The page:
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  Media
South Korea Dissolves Ties That Once Bound the Press to the Powerful
By Norimitsu Onishi
Times Writer
The briefing room at the Blue House, the presidential offices in Seoul, is now open to all news organizations.
Seokyong Lee for NYT
As a vigorous, debate-filled democracy becomes entrenched here, South Korea is rapidly dismantling the press club system, an enduring symbol of the collusive relationship between the government and the news media.

Starting a year ago at the presidential offices, known as the Blue House, press clubs — in which reporters from major media outlets excluded other journalists and decided what to report, sometimes in conjunction with government officials — have been eliminated in one government office after another. Where they survive, as in Seoul's Police Department, they are expected to go soon.

Instead, shiny new briefing rooms have been built, their doors flung open to all. Although journalists and government officials are still groping for a new balance in their relationship, most believe that the changes will lead to the emergence of something rare in East Asia: a fiercely independent press.

President for press reform
Disappointed by the nation's three largest "Cho-Joong-Dong" conservative newspapers, President Roh Moo-Hyun often stressed the need for press reform. The so-called Big Three dailies have been criticized by liberal politicians and citizens alike for their "negative" coverage of President Roh and his reform-minded party. Currently, lawmakers of the ruling Uri Party are drawing up measures for drastic and comprehensive press reform.

The dismantling of the deep-rooted press club system, a vestige of the Japanese colonial rule that ended in 1945, resulted from the confluence of several events. In 2002, President Roh Moo Hyun was elected despite the fierce opposition of traditional outlets, especially conservative newspapers and television networks.

At the same time, Internet-based alternative sources of information, popular among the young and generally supportive of Mr. Roh, have emerged as rivals to the traditional media here in the world's most wired nation.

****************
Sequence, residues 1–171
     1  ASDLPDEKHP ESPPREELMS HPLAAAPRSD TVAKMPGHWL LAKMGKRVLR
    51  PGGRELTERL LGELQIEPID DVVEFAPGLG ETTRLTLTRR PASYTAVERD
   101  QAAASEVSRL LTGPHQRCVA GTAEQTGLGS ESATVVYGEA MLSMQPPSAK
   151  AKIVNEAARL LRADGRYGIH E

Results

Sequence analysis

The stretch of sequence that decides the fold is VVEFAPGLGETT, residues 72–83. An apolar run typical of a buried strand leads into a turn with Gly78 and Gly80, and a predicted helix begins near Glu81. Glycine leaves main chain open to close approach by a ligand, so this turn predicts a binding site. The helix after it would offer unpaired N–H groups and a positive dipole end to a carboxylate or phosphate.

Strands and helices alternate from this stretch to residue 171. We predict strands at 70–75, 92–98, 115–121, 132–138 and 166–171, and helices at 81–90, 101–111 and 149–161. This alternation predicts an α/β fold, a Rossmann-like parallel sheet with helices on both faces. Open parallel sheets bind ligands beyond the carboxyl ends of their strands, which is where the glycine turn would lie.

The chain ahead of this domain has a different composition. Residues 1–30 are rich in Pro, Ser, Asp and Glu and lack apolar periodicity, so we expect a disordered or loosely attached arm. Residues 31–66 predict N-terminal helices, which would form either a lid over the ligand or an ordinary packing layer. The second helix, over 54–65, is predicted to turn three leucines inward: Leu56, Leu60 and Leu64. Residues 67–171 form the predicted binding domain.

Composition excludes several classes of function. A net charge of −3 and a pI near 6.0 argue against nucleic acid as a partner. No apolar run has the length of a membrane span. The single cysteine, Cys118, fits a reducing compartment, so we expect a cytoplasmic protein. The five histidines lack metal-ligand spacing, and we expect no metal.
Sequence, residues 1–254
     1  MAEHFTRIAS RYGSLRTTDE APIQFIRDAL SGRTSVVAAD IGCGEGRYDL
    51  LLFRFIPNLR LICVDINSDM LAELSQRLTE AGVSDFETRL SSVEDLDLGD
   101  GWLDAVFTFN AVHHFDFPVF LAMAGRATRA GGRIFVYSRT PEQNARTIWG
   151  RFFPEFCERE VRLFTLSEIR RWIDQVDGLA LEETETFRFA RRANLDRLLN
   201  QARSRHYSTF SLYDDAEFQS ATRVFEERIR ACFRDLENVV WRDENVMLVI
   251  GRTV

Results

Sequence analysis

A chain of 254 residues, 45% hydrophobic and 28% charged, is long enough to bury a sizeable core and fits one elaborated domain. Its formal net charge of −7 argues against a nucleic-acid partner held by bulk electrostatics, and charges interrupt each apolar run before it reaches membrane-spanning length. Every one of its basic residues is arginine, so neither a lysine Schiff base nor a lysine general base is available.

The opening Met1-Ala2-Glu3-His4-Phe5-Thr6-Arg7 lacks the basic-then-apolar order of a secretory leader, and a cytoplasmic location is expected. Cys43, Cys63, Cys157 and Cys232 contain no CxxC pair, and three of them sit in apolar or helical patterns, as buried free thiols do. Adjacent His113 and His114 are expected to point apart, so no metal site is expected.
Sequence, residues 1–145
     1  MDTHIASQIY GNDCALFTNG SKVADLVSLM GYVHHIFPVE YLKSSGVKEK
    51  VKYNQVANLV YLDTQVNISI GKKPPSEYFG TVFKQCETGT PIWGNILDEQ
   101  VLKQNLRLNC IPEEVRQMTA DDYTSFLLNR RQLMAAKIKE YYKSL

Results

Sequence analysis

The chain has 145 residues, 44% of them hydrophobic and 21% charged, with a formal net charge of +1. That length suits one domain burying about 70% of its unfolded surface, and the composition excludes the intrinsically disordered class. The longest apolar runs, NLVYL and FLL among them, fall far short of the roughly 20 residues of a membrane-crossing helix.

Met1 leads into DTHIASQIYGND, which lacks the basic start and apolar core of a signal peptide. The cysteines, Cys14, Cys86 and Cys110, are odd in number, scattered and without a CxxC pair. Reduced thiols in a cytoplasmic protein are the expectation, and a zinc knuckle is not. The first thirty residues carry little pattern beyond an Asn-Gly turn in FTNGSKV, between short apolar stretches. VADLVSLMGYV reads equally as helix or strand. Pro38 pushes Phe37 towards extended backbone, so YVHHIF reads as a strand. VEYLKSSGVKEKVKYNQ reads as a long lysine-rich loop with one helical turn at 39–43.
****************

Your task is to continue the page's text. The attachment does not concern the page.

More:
The speed of the change is particularly stunning because, in Japan, the press club system survives intact. Hyun Seung Yoon, 39, a reporter for The Korea Economic Daily and the former vice president of the Finance Ministry's press club, which was abolished on Dec. 29, said that in the past the government and the media were united.

"Fundamentally, it's better now," Mr. Hyun said. "It's healthier now. The relationship that existed before was a collusive one."

When Mr. Roh came to power a year and a half ago, a priority was to make the government's relationship with the media more open, and to give "equal opportunity to all media," said Jung Soon Kyun, the minister of the government information agency, who traveled to the United States, Japan, Germany and Britain to study how each government dealt with the media.

South Korean journalists and political leaders discuss ways of reforming Korean press in a recent meeting.
The press club system had allowed the big media outlets to "monopolize information" and sometimes "offer and receive personal favors," said the minister, a former reporter. For Mr. Roh, a political outsider who had not won the backing of the mainstream media during his election campaign, the abolition of the press club system also worked to his political advantage.

Under the old system, members of the major news outlets controlled membership and expelled organizations that failed to abide by club rules. The club decided, sometimes through a senior member acting as a liaison with the government, what news to focus on, what to play down or, in some cases, what to suppress.

The government paid for all the expenses the press club incurred, including phone bills, and even provided a secretary for the members. Until a few years ago, the government also paid for the reporters' air fare, hotel bills and other expenses whenever the president traveled.

South Korea Culture Minister Lee Chang-Dong reveals his plans to reform the press
in an interview.